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Comics Debate & Discourse: How To Be a Hero By Being An Ally

by  in Comic News Comment
Comics Debate & Discourse: How To Be a Hero By Being An Ally

Responding vs Reacting

Don’t Dismiss 

One of the most troubling things I see in these recent arguments is people attacking the experiences that inform other people’s point of view. Are words like ‘triggering’ and ‘pandering’ and ‘problematic’ overused? Sometimes, yeah, they are. That doesn’t change the fact that there are real people with real concerns behind those words. Never been raped? Never been the target of racism or hate-speak? Never lived with a mental illness? That’s incredibly fortunate, because a lot of people have, and from time to time, they will need the help of their chosen community to thrive. 

Dismissing these experiences does not make them go away, it simply reinforces stigma about the worth of the survivors. Stating that these experiences don’t entitle anyone to dictate what happens in comics just isn’t true — these people are creators. They are readers. They are editors and journalists and cosplayers. They deserve compassion, and they deserve to have a strong voice. They don’t deserve to be treated as though whatever they’re living with isn’t important, or can disappear simply because they should get over it. Not every comic is going to be for every person, but we need more that aren’t isolating large factions and perpetuating a hostile environment.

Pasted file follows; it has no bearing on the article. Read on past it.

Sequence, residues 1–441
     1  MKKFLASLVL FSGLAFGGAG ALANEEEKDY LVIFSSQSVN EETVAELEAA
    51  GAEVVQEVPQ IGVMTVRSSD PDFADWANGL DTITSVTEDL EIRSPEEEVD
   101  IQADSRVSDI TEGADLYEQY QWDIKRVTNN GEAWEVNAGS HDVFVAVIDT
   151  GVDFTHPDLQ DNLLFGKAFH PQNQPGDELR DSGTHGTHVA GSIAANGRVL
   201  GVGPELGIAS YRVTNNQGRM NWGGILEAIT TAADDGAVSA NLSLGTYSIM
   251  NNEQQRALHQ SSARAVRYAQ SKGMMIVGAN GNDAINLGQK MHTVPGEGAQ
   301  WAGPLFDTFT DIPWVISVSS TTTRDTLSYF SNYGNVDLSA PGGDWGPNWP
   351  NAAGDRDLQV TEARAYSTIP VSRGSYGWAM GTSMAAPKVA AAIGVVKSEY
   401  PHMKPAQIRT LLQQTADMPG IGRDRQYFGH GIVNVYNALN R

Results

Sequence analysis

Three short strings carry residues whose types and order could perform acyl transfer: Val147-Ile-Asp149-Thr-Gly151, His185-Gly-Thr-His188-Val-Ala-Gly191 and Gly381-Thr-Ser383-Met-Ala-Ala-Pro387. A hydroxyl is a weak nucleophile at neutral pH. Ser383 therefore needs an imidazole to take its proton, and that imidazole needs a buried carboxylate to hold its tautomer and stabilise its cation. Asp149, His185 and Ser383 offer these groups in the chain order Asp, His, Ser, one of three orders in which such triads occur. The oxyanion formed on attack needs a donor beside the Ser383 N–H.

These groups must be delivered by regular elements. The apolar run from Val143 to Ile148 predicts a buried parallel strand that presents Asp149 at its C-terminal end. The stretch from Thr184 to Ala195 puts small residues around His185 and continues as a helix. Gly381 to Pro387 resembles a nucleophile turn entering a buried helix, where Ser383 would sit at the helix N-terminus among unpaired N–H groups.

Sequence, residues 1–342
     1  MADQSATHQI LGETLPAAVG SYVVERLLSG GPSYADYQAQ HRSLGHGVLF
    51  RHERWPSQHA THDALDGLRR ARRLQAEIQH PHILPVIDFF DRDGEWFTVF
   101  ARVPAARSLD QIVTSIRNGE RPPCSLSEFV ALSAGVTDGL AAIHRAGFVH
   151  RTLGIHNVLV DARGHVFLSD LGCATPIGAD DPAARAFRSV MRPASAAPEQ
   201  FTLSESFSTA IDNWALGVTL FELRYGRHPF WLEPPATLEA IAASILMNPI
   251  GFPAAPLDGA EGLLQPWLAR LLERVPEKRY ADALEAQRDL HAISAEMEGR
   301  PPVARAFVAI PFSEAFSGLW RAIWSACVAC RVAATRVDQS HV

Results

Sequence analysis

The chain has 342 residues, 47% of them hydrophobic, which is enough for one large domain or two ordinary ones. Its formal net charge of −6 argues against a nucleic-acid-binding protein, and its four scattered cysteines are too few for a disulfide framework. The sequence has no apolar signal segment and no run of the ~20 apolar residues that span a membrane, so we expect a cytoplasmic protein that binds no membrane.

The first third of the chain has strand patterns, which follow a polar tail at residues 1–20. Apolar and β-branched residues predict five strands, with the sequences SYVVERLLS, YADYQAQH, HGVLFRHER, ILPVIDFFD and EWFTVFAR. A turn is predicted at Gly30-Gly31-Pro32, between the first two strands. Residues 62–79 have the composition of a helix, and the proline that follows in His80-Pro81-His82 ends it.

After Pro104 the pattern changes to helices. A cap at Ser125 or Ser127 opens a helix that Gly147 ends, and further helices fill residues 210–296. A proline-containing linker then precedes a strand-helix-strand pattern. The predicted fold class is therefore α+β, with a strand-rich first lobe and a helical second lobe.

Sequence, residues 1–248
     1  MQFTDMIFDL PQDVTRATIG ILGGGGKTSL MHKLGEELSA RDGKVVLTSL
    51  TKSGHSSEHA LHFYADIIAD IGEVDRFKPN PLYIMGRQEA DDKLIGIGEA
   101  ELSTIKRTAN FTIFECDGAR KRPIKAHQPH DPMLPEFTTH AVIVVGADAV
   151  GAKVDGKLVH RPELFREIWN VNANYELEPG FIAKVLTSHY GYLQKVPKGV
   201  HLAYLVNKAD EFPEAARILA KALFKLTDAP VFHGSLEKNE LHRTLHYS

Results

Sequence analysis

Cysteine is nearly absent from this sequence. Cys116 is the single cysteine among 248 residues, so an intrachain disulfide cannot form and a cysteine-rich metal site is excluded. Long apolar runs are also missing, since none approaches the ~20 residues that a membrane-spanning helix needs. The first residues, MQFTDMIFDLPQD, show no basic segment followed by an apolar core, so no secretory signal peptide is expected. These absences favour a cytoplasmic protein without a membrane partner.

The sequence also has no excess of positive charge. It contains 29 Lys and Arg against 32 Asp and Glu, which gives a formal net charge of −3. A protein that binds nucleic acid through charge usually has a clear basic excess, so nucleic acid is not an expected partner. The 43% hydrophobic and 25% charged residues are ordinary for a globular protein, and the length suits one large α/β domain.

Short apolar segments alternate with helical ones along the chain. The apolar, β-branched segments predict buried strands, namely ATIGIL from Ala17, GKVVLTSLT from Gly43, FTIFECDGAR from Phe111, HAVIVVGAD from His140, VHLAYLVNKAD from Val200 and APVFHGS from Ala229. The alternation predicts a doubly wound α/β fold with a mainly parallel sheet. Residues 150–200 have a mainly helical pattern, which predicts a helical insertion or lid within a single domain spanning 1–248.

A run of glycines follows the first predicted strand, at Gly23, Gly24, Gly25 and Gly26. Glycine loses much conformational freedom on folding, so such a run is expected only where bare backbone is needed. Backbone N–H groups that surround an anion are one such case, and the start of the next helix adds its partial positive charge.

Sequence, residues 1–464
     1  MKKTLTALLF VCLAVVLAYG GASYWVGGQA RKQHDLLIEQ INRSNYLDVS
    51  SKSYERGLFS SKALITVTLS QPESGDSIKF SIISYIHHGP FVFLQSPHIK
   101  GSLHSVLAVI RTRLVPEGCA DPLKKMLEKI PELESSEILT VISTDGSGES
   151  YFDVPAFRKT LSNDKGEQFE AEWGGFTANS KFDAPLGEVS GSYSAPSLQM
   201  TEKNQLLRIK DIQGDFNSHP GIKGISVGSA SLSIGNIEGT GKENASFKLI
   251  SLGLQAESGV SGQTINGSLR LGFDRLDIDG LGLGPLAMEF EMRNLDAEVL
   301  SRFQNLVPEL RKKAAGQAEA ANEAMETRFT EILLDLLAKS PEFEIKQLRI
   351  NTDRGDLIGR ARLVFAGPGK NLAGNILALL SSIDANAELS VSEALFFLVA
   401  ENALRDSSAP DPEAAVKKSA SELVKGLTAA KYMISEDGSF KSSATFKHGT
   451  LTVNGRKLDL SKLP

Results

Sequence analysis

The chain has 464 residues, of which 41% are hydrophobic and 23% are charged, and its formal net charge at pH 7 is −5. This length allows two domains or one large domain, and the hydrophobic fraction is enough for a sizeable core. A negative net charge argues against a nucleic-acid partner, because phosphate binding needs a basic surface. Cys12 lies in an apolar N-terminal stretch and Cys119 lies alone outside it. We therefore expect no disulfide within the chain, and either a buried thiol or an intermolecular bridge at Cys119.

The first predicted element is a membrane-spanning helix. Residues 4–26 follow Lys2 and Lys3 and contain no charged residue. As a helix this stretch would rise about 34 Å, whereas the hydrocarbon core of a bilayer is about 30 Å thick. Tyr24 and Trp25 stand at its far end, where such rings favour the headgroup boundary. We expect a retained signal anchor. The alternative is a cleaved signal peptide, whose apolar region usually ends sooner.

Be An Ally

It’s Really, Really Not About You 

I mean this in a very loving way — when people call out comics for feeding into a culture primarily for and of straight white men, what they are saying is that they hope for a place where they can also be recognized. This is about inclusion, not about shaming you for already having a home. No one wants to take anything away from you. 

There isn’t a finite supply of joy in comics. It’s endless, and it belongs to all of us. But some haven’t had as many opportunities as others to experience it. We want to see ourselves in books — not as a prop, not as a thing to be saved or slept with, and not as a victim. We want comics that speak to our own experiences and the strength we know we have without being reduced to a two-dimensional “strong female character.” That’s it!

Your presence here, straight white men, is wonderful! And we all should be able to talk about how to make more room for other people without anyone being attacked. 

Comics have a legacy of being a place for people who don’t see how they fit in with other parts of society. My deepest fear is that if this acrimony continues, we will ruin what makes us special. So before that happens, let’s all take a deep breath and think about what we love about this world: creativity, passion, humor, endurance and bravery. How can we be more like the heroes of the books that brought us together? We can start by being really fucking good to each other. 

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